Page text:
Using this new definition, I have begun my journey to reclaim my own image of me as a good mother. However, the deeper lesson and understanding for me, is that we must all develop an appreciation for the role of "homemaker," and the need for all adults to honor this responsibility of creating stability and security for children in the world.
It truly does take "a community to raise kids."
To be a "homemaker," we each (in our own unique ways) must inspire, challenge, provide for, accept, champion, discipline, redirect, and love, love, love children--and not just our own, but ALL children.
No matter if you are a mother or father, if you stay at home with children full-time or work part-time at three jobs and then see them at night or in the morning or act as a mentor to someone in your free time, what matters is what you do with children, how you treat them, and what you teach them to believe WHEN YOU ARE WITH THEM.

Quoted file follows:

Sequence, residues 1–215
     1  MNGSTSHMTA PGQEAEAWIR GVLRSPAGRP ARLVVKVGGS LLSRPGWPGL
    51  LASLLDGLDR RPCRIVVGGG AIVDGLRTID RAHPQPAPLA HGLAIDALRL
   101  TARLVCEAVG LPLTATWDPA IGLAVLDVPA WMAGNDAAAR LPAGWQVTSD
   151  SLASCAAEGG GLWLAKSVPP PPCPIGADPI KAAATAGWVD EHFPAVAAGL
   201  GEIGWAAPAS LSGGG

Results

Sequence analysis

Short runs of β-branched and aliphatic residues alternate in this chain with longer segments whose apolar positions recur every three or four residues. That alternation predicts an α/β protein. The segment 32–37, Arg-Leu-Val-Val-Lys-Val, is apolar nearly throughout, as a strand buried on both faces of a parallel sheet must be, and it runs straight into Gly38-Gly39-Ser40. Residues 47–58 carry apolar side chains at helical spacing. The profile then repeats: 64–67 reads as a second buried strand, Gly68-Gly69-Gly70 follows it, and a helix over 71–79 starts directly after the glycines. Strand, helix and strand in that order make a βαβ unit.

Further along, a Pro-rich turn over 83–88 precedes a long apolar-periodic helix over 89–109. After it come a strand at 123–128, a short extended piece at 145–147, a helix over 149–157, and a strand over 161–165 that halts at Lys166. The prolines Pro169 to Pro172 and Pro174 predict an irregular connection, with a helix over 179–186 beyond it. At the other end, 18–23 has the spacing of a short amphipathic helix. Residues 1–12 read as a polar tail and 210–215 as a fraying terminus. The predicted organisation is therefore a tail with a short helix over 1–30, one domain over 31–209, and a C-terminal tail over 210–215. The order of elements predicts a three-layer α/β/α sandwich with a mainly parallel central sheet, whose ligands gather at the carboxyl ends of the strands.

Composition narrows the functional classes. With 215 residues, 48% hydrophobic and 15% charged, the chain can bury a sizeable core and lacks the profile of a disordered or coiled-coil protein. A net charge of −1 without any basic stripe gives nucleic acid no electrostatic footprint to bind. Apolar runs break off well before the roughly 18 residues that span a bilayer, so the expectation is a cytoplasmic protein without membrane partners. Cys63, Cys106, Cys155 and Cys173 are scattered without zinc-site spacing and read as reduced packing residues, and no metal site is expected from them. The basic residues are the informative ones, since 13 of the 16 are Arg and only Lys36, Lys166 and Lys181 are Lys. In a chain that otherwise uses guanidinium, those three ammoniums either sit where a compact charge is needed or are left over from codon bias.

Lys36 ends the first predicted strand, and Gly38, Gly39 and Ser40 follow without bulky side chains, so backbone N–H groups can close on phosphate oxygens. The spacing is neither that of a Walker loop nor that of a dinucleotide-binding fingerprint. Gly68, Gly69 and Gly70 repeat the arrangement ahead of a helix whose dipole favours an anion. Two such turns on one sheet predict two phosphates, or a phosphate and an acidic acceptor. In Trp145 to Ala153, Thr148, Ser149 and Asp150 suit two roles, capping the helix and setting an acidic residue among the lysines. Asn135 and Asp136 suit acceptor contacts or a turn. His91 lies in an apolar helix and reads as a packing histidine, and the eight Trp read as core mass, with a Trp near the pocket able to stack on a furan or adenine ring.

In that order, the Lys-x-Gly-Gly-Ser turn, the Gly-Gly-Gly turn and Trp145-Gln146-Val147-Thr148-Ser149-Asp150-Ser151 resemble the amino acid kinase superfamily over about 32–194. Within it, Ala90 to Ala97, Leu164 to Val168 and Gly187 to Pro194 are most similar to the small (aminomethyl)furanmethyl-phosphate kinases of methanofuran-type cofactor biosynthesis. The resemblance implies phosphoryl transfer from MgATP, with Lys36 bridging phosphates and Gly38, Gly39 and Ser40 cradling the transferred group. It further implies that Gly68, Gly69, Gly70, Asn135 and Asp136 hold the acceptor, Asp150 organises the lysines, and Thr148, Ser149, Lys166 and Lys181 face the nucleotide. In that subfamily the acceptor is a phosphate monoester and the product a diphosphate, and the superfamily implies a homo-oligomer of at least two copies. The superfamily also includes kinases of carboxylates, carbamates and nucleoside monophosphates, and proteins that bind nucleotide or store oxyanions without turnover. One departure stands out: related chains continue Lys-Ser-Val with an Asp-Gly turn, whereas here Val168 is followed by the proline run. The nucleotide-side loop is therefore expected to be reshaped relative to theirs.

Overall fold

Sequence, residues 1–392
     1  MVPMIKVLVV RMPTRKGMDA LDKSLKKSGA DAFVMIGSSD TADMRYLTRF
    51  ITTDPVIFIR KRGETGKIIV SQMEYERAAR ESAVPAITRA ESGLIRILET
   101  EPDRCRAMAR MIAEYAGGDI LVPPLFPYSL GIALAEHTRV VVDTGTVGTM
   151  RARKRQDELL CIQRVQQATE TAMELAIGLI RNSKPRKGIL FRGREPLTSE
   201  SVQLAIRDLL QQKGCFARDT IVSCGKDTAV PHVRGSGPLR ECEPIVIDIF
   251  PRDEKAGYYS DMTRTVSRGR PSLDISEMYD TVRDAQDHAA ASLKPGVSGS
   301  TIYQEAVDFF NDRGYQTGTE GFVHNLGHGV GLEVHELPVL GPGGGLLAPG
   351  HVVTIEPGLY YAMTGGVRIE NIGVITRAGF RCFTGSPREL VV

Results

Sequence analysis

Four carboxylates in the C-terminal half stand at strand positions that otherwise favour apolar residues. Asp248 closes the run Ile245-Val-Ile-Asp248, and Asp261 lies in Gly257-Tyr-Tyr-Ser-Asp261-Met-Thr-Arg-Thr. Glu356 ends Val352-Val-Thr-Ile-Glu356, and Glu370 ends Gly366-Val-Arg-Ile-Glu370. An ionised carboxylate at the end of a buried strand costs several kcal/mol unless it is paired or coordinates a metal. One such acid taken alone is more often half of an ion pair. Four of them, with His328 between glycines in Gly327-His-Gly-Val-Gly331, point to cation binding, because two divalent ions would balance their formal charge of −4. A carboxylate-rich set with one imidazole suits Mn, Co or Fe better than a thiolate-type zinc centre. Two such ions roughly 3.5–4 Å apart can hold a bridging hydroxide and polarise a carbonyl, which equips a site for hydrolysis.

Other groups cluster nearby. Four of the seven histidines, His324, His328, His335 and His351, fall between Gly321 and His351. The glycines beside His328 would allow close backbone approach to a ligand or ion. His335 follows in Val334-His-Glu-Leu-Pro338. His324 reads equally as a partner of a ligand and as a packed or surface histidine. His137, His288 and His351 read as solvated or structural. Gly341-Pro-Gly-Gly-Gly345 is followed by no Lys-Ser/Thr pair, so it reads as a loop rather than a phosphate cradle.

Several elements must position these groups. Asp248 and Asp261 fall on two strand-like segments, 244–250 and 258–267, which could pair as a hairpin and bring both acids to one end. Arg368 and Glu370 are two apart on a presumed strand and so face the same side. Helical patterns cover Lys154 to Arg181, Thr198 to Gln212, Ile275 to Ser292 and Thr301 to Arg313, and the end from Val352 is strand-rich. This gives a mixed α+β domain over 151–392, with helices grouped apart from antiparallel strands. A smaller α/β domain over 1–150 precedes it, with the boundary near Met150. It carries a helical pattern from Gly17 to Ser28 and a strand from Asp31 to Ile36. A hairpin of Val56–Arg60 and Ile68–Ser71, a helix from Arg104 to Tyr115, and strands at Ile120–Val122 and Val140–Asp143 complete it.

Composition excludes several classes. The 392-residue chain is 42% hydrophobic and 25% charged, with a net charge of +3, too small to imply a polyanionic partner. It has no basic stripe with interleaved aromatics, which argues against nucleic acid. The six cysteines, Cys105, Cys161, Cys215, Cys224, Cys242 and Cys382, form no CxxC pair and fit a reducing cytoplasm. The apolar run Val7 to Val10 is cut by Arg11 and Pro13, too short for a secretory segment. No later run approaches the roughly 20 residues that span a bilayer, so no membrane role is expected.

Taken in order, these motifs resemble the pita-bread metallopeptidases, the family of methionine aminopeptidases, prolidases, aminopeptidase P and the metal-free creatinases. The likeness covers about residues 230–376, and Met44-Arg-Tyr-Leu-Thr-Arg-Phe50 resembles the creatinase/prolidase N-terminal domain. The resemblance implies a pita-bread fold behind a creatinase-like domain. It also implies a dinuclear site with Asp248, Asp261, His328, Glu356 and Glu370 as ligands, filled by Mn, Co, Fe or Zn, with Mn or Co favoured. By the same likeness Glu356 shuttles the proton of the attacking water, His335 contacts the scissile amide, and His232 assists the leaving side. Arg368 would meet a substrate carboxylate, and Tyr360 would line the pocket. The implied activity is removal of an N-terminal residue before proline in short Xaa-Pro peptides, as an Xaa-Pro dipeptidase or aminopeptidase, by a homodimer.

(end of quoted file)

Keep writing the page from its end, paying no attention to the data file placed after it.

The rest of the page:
This is the ultimate career and it is everyone's responsibility--growing and nurturing your kids or other children in the community so that they grow up and can AND WANT to do the same for future generations. We all must nurture and embrace the "homemaker" in ourselves in order to create a "home" for humans on this planet.
Without this commitment and dedication to educating young people to appreciate and honor their lives and the lives of others, helping them to claim and use their talents and strengths for the highest good, and encouraging them to play, explore and have fun all while following rules, our society may be ill-fated to experience more and more violence, ignorance, racism, entitlement and poverty.